AI supercomputer to “accelerate research” at Case Western Reserve University
Newswise – CLEVELAND – Over 250 researchers in nearly two dozen research groups – from computer science to materials science to robotics will benefit from the faster and greater computing power of a new “supercomputer to artificial intelligence ”(AISC) at Case Western Reserve University.
The nearly $ 1 million computer system, slated to be installed and used by summer 2022, is the university’s largest and “far more powerful than anything university researchers had access to before. Said Vipin Chaudhary, Professor Kevin J. Kranzusch and Chairman of the Department of Computing and Data Sciences at Case Western Reserve.
This new supercomputer power will eventually be housed in at least five refrigerator-sized computers in the university’s data center. It is expected to speed up machine learning and artificial intelligence (AI) tasks by at least 10 times compared to existing campus systems, Chaudhary said.
The result: more users will be able to manipulate larger and larger datasets, and do so simultaneously and much faster.
Chaudhary led efforts to secure external funding for AISC, including significant support from the National Science Foundation (NSF) and assistance from the Ohio Department of Higher Education Action Fund. The university also contributed to the project.
The new system includes the latest and fastest graphics processing units, higher bandwidth memory, high speed connections and a key component known as “non-volatile memory-based storage (NVMe)” “.
NVMe connects the processor to the computer’s “persistent memory” which is both faster and more scalable than existing methods, Chaudhary said. Persistent memory means that data can continue to be viewed quickly even after the process that last created or modified the data has terminated.
Former student Kranzusch, whose $ 5 million pledge in 2019 catalyzed the creation of the department, applauded the news.
“? (Graphics processor). “I am certain that the collaboration and thoroughness for which CWRU is known will only be enhanced with the addition of this important asset.”
Boost existing research
As part of his NSF proposal, Chaudhary interviewed dozens of professors, postdoctoral researchers, doctoral students, and graduate and undergraduate students at Case Western Reserve. He asked about their computer research needs and their wishes for further study.
These researchers said they needed more computing power for topics ranging from photovoltaic research to financial fraud protection and cybersecurity. Others would use improved computing power to perform simulations of the universe, uniquely map the brain, and improve disease analysis and prediction.
“To solve big problems and create solutions that have impact, you have to have the infrastructure to do the job,” Chaudhary said. “I think this will stimulate a lot of ongoing research and allow for a lot of new work. “
The first people to gain access to the new computer will be the 250 users it included in the original NSF grant proposal. That said, any faculty member at the university will also be able to request access through an online form that requests a description of the proposed research and expected usage requirements.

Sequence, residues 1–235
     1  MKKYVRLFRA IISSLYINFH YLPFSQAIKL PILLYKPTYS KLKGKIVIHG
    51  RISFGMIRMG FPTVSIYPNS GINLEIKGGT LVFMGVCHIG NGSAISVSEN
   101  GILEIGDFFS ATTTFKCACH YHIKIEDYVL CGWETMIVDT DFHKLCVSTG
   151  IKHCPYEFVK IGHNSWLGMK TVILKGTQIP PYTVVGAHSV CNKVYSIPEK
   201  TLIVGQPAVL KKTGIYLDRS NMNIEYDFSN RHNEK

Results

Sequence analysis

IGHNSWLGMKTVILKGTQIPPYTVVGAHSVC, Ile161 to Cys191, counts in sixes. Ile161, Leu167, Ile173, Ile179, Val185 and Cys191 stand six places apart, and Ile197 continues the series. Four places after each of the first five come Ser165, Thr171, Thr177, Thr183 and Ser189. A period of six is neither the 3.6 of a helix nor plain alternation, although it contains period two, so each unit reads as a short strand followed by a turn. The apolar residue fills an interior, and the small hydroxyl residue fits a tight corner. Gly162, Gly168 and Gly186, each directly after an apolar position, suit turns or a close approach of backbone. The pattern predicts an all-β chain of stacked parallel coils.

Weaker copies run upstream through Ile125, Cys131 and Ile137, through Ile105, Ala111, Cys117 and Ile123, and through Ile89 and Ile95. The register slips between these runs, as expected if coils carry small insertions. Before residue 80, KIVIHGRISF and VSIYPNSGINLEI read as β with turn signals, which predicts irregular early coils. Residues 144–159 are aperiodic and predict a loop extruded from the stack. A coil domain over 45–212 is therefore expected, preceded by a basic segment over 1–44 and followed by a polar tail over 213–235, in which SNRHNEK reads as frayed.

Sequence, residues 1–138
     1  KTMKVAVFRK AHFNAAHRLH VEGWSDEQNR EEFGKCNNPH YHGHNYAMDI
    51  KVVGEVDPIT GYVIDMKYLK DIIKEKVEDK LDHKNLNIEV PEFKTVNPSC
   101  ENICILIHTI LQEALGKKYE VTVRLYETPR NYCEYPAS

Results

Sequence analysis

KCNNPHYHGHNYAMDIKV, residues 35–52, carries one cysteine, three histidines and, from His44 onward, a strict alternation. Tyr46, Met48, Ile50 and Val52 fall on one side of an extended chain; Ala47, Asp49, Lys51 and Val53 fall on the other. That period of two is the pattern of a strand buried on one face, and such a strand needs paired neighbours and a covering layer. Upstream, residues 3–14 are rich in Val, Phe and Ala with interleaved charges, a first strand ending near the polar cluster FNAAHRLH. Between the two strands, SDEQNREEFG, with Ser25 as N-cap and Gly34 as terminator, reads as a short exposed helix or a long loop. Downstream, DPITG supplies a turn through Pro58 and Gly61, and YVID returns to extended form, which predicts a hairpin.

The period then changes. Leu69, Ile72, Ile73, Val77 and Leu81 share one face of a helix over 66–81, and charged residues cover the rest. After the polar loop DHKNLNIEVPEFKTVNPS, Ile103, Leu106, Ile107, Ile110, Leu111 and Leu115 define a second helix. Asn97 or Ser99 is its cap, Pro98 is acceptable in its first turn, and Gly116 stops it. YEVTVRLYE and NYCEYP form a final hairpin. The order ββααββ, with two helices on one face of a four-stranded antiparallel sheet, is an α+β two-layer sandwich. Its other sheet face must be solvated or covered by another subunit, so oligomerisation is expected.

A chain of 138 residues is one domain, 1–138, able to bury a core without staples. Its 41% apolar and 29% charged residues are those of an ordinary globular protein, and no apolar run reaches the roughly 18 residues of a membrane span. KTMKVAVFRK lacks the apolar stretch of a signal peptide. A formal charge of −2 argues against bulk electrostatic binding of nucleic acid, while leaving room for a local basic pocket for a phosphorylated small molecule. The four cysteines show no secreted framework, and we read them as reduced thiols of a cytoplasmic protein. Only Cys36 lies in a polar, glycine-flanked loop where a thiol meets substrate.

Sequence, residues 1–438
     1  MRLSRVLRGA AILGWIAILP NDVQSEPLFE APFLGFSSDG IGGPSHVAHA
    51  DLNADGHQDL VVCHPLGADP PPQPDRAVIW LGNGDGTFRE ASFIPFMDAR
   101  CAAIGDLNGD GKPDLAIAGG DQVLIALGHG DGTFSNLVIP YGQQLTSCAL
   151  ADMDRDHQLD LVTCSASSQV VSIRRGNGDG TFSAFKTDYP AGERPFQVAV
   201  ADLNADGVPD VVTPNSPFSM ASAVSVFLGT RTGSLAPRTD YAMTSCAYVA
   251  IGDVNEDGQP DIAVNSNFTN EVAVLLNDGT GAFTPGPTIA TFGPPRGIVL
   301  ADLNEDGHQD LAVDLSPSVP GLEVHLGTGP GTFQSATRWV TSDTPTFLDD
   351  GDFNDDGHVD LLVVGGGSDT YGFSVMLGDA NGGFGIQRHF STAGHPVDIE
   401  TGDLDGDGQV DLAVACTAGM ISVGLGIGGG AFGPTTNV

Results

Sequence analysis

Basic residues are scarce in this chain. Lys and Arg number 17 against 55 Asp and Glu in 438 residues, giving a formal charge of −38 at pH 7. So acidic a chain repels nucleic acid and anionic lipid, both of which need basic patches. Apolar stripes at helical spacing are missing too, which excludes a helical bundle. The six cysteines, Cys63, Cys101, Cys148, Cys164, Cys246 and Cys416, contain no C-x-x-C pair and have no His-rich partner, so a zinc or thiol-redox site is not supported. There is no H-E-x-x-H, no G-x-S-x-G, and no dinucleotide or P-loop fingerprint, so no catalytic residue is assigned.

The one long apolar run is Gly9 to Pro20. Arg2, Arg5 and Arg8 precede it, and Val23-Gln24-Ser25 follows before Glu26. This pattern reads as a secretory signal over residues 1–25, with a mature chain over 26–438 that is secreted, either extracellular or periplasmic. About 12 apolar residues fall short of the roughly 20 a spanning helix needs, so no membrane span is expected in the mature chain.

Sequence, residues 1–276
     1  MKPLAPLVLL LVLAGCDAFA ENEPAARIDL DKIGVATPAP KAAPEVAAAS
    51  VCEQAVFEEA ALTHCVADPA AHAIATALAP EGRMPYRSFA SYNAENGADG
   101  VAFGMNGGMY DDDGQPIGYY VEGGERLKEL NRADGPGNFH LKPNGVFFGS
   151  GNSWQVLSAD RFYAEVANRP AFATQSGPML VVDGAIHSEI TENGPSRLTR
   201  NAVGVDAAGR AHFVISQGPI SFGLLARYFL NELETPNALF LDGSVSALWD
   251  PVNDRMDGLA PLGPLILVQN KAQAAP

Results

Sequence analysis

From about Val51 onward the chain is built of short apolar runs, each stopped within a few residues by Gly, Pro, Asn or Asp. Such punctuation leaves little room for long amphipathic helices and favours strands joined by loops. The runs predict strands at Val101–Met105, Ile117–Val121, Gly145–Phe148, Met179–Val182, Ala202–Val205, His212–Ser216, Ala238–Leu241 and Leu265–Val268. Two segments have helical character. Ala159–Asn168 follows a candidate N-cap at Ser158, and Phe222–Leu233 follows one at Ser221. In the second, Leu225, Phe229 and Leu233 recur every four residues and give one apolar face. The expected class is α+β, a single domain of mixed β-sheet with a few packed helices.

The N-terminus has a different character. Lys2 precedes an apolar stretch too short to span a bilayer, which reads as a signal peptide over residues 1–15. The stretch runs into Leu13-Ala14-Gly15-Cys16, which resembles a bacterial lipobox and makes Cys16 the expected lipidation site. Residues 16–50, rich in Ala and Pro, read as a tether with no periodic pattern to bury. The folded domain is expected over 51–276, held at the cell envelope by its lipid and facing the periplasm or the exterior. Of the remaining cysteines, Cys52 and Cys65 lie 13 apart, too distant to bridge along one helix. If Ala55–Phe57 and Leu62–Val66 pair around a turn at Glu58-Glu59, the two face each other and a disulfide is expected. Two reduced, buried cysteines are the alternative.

This new acquisition will “give researchers the power to explore further and faster than ever before, and will prove to be a catalyst for advancing breakthroughs in disciplines across the university,” said Venkataramanan “Ragu” Balakrishnan, the Dean Charles H. Phipps of the Case School of Engineering. “From advancing cancer detection to analyzing the deterioration of nuclear materials, artificial intelligence and high performance computing are at the heart of our most innovative initiatives. “
Focus on advanced computing power
Chaudhary arrived at Case Western Reserve in 2020 as the inaugural chair of the new department. This fall, Kranzusch doubled its commitment to the ministry with a second donation of $ 5 million.
Previously, Chaudhary served as Program Director for the Computing and Information Science and Engineering Branch of the NSF in the Office of Advanced Cyber Infrastructure.
He said one of his main goals was to bring advanced computing power to the School of Engineering and to the entire CWRU campus.
Chaudhary is also a leader of a new $ 20 million artificial intelligence institute at Ohio State University (OSU) as part of a large federal initiative to bring the power of AI to more Americans.
Case Western Reserve has partnered with OSU, Indiana University and a dozen other universities to work on building the next generation of cyber infrastructure needed to bring AI to more people, in this case farmers and wildlife managers, in particular.
The institute is part of a larger $ 220 million NSF initiative announced in August that funds 11 institutes nationwide.
Case Western Reserve University is one of the country’s leading private research institutions. Located in Cleveland, we offer a unique combination of cutting-edge educational opportunities in an inspiring cultural setting. Our cutting-edge faculty engage in teaching and research in a collaborative and hands-on environment. Our nationally recognized programs include the arts and sciences, dentistry, engineering, law, management, medicine, nursing and social work. Approximately 5,800 undergraduates and 6,300 graduate students make up our student body. Visit case.edu to see how Case Western Reserve thinks beyond the possible.